TOEFL IBT Listening Practice Test 11 Solution, Explanation & Transcripts

Questions 46 through 51.

Listen to part of a lecture in an architecture class. The professor is talking about the arch.

W: An arch is the spanning of a wall opening by means of separate units, such as bricks or blocks, which are assembled into an upward curve. The invention of the arch made it possible to span wide openings without large timbers. Before the arch, large window and door openings required a large wooden timber, and a supply of large trees. The arch was very important in regions where there were few large trees. The Babylonians, Egyptians, and Etruscans all used the arch, and it was later adopted by the Romans. The arch became a basic principle in the Roman system of construction in brick and concrete. The Romans contributed a lot to the development of architecture, especially its engineering aspects. They perfected a system of arch and vault construction. As a result, a larger variety of buildings appeared, each with a form suited to its function. The Roman approach to the building arts was always practical. The Romans undertook huge public work projects, including a network of bridges and aqueducts, all of which utilized the arch. To supply their vast public baths and fill the water needs of their citizens, they needed water in large amounts for their cities. Using their considerable engineering skills, the Romans built aqueducts so sturdy that many are still standing.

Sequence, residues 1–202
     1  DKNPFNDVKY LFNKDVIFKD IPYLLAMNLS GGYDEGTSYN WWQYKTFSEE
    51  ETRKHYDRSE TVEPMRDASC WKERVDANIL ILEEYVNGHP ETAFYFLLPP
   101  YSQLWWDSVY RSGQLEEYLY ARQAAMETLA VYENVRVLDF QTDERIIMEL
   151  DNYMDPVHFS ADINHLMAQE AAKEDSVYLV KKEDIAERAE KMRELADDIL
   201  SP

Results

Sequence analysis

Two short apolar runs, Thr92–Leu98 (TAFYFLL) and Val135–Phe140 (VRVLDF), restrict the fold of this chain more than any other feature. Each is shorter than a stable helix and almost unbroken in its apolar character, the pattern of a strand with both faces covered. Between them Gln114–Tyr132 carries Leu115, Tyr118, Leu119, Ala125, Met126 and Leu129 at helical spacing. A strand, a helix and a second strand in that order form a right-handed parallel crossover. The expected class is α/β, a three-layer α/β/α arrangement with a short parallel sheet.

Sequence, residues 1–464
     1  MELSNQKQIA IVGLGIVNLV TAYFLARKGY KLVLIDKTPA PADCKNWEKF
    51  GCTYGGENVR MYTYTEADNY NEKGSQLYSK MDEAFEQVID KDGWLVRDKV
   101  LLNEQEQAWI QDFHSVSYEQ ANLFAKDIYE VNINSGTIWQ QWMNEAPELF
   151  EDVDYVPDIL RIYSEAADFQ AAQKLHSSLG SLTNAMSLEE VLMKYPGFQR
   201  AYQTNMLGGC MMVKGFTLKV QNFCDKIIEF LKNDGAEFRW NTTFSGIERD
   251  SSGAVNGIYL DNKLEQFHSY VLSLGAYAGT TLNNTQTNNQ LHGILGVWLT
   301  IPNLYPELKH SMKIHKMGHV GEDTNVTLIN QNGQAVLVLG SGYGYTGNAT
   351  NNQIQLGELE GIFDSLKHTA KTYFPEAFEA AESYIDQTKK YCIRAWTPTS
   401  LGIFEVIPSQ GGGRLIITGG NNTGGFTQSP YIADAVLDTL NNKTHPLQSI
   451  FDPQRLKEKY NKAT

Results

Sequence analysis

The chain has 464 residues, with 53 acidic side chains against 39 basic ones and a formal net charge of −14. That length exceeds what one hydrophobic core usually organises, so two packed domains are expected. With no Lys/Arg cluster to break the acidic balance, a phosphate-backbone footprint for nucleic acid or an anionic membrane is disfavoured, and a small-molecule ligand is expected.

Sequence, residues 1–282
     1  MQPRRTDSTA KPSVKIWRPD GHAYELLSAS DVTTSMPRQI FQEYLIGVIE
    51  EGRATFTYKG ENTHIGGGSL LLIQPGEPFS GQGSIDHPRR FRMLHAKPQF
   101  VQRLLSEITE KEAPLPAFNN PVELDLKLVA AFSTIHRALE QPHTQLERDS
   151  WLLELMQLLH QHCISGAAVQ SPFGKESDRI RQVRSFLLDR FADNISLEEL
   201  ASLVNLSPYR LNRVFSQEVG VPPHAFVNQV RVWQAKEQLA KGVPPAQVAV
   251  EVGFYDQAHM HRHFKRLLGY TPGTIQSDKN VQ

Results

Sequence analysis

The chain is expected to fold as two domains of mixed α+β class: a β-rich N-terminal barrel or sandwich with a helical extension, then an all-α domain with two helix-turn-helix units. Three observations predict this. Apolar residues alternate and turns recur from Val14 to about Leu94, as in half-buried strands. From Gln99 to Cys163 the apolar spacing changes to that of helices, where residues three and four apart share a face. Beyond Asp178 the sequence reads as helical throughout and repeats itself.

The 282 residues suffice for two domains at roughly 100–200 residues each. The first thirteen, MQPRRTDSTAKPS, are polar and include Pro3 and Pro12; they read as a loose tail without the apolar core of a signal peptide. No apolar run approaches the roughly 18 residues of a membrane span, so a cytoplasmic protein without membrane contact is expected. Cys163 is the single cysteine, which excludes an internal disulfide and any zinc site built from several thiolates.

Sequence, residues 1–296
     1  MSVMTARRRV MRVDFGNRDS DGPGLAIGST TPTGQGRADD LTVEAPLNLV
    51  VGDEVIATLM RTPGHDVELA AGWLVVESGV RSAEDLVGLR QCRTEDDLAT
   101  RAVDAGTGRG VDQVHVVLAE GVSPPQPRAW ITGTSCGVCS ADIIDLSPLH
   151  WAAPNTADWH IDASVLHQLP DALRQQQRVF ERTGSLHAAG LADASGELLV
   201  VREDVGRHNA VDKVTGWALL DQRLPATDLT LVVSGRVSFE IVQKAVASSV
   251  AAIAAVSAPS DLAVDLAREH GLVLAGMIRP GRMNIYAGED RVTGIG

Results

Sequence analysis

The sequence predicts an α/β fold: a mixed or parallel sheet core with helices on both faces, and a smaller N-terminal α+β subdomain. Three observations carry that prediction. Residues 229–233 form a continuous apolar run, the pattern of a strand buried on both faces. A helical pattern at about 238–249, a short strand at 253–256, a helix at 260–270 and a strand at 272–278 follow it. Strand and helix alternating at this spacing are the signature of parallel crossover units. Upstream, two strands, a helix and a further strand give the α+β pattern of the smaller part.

The Roman semicircular arch is the most common and most elementary type of arch. It was made by taking wedgeshaped blocks—large bricks with angled sides—and placing them side by side, forming an upward curving, semi-circular opening. The block at the highest point—the center of the arch—is called the keystone. The keystone is the most important block because it holds the other blocks in place. The keystone locks the other stones together. The round arch is extremely strong and stable. It’s primarily the wedge shape of the blocks that gives the arch its stability. The wedge-shaped blocks are locked together tightly, transferring their weight downward on either side. The arch is very sturdy and can support a heavy load. The arch is supported only from the sides. This is because of lateral thrust. The downward pressure is transformed into lateral thrust through the piers, the two vertical structures on either side of the opening. What I mean is, the … um … the weight of the arch and its load is converted from downward pressure into sideways—lateral—pressure. The massive piers that frame each side of the opening receive the pressure and therefore support the arch. Until the nineteenth century, arches were still widely used in public buildings in North America. However, the invention of steel beams in the nineteenth century—yes, did you have a question?

M: Yes. I was wondering … um … what you said implies that we don’t see arches in public buildings anymore, I mean, in newer buildings. But what about the arches in our administration building, here on campus? It has lots of arches, and I’m pretty sure the building is fairly new.

W: I’m glad you mentioned our administration building because that’s a perfect illustration of the decorative arch. You see, behind all that beautiful brickwork is a system of steel beams. The beams are doing the real work of holding up the building. The brick arches are just for show. Steel beams for wide spans have reduced the arch to a mostly decorative function. And, as you can see in our administration building, decorative arches remain popular today.